March 29, 2017 – A court hearing is set for Thursday morning in Sydney as the inevitable result of the Nant Distillery saga unfolds. FTI Consulting, the receiver appointed to secure assets of the Tasmanian distillery on behalf of one of its largest creditors, has asked the Federal Court of Australia to intervene on behalf of Eclipx Commercial. The industrial finance and leasing company is owed nearly $2.5 million AUD ($1.91 million USD) after financing Nant’s distilling equipment, and appointed FTI earlier this month to take control of what remains of the troubled distillery.
Lawyers for FTI are asking the court to order Australian Whisky Holdings to turn over assets currently under its control, including the distillery’s entire inventory of maturing barrels of whisky, within 48 hours of the court’s ruling. Australian Whisky Holdings acquired the Nant Estate property last month, but a separate deal to acquire the distillery’s assets and intellectual property fell apart earlier this month. AWY (the Australian Stock Exchange ticker symbol for Australian Whisky Holdings) has claimed Nant founder Keith Batt and director Margaret Batt could not deliver clear title to many of the assets because they had been pledged as collateral for outstanding debts. In addition, AWY chief executive Chris Malcolm cited an outstanding Australian Tax Office bill against the distillery in excess of $1 million AUD.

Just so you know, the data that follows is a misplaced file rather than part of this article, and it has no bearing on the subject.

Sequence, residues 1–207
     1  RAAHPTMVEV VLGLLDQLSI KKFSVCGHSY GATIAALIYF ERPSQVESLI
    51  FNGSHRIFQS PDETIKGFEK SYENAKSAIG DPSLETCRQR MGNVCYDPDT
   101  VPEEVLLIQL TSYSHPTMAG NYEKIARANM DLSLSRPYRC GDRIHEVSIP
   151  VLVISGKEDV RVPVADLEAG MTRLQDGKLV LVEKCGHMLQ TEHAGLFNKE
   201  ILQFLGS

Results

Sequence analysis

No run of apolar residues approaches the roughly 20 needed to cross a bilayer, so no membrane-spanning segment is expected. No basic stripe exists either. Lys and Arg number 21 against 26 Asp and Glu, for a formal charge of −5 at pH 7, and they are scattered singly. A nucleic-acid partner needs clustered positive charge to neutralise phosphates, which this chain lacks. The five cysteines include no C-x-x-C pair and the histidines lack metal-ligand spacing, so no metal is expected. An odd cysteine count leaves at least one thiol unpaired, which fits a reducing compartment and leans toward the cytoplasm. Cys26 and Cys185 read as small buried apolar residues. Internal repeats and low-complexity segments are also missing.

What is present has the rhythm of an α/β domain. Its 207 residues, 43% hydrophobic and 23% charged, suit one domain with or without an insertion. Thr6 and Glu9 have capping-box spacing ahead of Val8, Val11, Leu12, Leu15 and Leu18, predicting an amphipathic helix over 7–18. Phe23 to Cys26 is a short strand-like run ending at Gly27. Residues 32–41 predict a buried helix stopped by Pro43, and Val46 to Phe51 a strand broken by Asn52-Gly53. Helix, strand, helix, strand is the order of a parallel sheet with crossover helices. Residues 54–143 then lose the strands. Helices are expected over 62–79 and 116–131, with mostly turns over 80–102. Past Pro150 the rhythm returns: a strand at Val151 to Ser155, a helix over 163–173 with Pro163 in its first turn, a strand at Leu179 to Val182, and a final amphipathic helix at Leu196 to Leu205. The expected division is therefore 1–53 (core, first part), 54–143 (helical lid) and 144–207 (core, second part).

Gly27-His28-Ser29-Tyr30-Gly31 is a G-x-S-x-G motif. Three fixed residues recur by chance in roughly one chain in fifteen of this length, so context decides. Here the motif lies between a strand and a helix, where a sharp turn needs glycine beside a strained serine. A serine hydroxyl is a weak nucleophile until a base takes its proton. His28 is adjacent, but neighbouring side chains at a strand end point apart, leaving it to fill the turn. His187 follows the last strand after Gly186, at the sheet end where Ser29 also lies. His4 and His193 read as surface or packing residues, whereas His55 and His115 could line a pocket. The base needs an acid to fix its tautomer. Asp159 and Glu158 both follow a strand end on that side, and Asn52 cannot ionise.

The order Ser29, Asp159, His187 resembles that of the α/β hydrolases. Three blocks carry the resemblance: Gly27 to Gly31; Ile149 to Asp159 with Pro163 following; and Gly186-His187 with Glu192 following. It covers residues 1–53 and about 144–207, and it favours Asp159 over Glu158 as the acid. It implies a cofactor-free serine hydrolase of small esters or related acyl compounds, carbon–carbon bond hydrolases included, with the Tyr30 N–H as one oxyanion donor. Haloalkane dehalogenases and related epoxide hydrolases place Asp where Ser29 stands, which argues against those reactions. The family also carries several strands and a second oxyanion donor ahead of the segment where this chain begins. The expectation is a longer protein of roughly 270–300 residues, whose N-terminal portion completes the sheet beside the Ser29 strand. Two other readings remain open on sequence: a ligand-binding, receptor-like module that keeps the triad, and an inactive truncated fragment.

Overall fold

Australian Whisky Holdings has maintained control of Nant’s barrel inventory since closing on the real estate transaction, and has notified barrel investors that more than 700 barrels that had been sold to investors were never filled with new make spirit. In addition, the company claims other Nant “investor barrels” had been emptied of mature whisky and refilled with new make spirit without notifying or paying the investors. Under the Batts’ management, Nant had sold barrels to investors with the promise to buy them back after four years at a 9.5 percent compounded annual interest rate.
In addition to turning over the distillery’s equipment and other assets, FTI is asking the court to appoint it as the receiver and manager for the barrel inventory while the ownership of those barrels is sorted out. Technically, the barrel sales were handled by a separate Nant company controlled by Margaret Batt, who took over as Nant’s director after founder Keith Batt filed for personal bankruptcy in late 2015 following the collapse of a separate real estate deal.
FTI has also asked the court to order Australian Whisky Holdings to stop using the Nant brand name in connection with its ongoing whisky business at the Nant Estate. AWY’s Malcolm said in a WhiskyCast interview last month that the deal for the Nant Estate included a perpetual license to use the Nant name. However, the Batts have claimed that the failed deal for the Nant distilling equipment and trademarks means AWY does not have the right to use the Nant brand name.
AWY’s Malcolm and Keith Batt, who has served as a spokesman for Margaret Batt and the Nant interests, have not returned our requests for interviews on the court filing.
This story will be updated with additional information as necessary.